I've just come across an intransitive use of create that's Brit-specific. The Oxford Dictionary of English (not to be confused with the Oxford English Dictionary) defines it thus:Grant had read it in the Times, in this context (which discusses another term we've discussed before, wife beater):
[no obj.] Brit. informal make a fuss; complain: "little kids create because they hate being ignored."
Sounds odd to my American ear.
"...Then suddenly - I'm not a snob - but we started getting all these loudmouthed yobs in. Younger drinkers, 19 to 30-year-olds, and builders and labourers.When he wrote to me, I'd not experienced this sense of the word yet. But a month later, I had a child, and a few months after that, she started in childcare and we went through a little period where Grover was a bit too attached to her key worker. Whenever the carer went out of sight, Grover would start creating, they told me. Since then, I have heard it used about other children's tantrum-ish or whin(g)y behavio(u)r.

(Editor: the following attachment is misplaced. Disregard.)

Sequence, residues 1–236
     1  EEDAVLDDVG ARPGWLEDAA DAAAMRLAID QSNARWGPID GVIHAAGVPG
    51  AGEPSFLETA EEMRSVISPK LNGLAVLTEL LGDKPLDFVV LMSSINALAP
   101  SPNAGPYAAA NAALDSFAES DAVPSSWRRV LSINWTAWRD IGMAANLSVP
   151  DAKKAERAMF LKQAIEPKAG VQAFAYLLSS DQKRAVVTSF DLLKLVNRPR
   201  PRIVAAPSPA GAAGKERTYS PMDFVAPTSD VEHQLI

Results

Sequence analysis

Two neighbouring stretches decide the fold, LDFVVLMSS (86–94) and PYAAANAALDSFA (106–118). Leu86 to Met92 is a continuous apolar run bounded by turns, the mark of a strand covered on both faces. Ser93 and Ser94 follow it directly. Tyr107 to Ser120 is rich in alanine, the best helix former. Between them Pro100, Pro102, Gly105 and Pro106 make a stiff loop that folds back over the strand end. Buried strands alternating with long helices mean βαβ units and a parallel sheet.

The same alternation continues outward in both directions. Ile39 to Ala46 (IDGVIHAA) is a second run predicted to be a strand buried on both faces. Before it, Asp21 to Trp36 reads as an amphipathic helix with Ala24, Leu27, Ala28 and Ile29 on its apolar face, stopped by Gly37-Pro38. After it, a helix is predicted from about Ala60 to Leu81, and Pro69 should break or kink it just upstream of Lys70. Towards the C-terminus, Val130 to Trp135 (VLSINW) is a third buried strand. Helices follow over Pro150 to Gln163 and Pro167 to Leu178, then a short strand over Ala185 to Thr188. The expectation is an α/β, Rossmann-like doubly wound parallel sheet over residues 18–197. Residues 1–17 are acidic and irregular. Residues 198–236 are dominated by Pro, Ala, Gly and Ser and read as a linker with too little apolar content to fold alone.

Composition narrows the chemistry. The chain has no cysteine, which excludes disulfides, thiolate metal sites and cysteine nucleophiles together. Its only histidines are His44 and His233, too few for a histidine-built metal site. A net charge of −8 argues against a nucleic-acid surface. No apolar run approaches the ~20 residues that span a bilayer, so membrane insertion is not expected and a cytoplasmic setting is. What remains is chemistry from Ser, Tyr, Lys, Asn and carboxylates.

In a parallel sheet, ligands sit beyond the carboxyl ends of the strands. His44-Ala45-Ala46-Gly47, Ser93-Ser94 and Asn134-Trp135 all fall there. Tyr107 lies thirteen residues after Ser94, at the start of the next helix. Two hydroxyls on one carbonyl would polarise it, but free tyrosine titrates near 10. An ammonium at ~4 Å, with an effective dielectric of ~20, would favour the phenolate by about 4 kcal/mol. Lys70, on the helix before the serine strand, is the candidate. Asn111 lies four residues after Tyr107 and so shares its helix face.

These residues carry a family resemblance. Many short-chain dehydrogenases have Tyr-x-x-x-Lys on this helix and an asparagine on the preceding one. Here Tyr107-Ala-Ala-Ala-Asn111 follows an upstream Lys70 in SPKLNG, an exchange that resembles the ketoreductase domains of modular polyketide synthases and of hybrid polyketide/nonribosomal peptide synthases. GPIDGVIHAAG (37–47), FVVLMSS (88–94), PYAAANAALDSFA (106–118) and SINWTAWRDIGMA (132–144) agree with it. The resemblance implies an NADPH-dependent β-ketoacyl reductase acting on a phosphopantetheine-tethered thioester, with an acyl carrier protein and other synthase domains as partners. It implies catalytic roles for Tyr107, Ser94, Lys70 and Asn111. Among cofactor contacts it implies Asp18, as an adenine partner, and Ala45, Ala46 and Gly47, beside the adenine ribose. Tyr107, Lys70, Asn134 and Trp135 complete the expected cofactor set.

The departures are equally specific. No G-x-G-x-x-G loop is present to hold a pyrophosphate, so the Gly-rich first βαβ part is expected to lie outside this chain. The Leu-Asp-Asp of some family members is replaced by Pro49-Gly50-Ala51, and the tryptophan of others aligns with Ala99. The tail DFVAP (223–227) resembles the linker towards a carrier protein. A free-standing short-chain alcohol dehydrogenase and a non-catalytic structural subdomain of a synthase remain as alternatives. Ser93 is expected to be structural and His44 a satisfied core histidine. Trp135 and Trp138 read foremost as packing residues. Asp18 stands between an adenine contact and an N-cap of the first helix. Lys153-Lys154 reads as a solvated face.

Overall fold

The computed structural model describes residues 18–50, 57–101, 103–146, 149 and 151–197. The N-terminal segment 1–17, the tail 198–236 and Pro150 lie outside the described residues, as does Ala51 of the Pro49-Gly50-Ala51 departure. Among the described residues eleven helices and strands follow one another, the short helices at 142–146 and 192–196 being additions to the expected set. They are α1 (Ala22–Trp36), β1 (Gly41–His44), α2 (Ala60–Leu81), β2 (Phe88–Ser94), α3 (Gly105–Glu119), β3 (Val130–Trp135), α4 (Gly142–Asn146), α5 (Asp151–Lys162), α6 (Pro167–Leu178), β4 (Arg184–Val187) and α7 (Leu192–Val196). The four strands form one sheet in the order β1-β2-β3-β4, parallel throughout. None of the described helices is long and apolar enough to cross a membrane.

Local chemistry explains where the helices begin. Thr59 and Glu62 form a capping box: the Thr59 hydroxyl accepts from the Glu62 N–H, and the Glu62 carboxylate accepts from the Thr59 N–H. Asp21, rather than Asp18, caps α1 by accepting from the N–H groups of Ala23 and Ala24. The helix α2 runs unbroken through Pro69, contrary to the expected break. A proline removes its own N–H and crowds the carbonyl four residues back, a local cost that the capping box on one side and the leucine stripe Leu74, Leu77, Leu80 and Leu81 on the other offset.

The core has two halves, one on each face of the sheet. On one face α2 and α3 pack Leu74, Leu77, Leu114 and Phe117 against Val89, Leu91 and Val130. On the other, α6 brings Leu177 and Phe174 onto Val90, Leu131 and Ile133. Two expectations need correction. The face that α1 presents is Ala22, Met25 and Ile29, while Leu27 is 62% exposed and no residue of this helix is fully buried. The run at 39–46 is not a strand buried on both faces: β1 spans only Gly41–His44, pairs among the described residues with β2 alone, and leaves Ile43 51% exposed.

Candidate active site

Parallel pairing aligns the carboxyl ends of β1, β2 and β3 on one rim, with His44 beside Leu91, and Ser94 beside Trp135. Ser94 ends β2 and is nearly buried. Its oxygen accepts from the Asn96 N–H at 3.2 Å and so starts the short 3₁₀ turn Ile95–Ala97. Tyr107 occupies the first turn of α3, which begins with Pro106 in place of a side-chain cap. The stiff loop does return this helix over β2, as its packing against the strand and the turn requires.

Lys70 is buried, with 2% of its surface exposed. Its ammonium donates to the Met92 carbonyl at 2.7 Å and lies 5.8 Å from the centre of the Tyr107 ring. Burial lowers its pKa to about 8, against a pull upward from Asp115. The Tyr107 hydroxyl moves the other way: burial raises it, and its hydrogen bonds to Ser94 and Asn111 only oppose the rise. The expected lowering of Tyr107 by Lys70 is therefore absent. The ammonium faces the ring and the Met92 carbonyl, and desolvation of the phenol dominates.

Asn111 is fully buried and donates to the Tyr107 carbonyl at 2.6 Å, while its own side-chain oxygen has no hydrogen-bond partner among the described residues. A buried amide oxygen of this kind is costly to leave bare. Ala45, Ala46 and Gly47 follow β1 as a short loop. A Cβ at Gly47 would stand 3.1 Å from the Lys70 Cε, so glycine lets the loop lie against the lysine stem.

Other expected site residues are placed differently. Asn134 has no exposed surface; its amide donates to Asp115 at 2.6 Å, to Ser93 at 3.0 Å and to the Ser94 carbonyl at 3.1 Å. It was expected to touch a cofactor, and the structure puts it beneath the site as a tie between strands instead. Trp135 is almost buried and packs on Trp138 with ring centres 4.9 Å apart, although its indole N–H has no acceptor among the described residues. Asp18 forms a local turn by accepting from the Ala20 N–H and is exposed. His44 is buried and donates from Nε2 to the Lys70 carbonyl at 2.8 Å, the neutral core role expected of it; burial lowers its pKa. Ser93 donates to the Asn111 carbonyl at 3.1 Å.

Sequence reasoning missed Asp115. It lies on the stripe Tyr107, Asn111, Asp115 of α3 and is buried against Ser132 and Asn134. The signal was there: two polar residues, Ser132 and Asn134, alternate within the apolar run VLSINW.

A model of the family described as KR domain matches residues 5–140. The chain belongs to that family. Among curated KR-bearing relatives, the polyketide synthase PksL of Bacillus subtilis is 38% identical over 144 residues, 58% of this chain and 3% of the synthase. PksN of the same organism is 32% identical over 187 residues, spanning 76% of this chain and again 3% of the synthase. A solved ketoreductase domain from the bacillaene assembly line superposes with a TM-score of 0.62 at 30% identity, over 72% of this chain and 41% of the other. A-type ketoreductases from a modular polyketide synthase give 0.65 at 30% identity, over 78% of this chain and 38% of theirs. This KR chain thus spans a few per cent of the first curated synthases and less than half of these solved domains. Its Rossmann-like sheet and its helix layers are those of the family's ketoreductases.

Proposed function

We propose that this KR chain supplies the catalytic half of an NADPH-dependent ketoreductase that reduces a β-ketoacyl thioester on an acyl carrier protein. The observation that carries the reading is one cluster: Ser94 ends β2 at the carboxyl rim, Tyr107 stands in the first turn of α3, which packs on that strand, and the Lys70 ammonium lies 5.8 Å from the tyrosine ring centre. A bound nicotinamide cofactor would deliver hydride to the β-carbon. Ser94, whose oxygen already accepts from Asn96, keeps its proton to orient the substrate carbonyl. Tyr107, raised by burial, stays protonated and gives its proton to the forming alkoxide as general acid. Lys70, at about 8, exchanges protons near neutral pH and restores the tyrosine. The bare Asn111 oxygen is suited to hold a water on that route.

"They weren't fighting - we'd never have let things get to that stage - but they were creating, and it was bad enough to make the other customers start leaving early."
She graduated (AmE--BrE doesn't use graduate for sub-university transitions) from the Baby Room today and moves to the Toddler Room on Monday. My little Grover, all grown up! I shed a tear today, but I expect she'll be the one creating on Monday.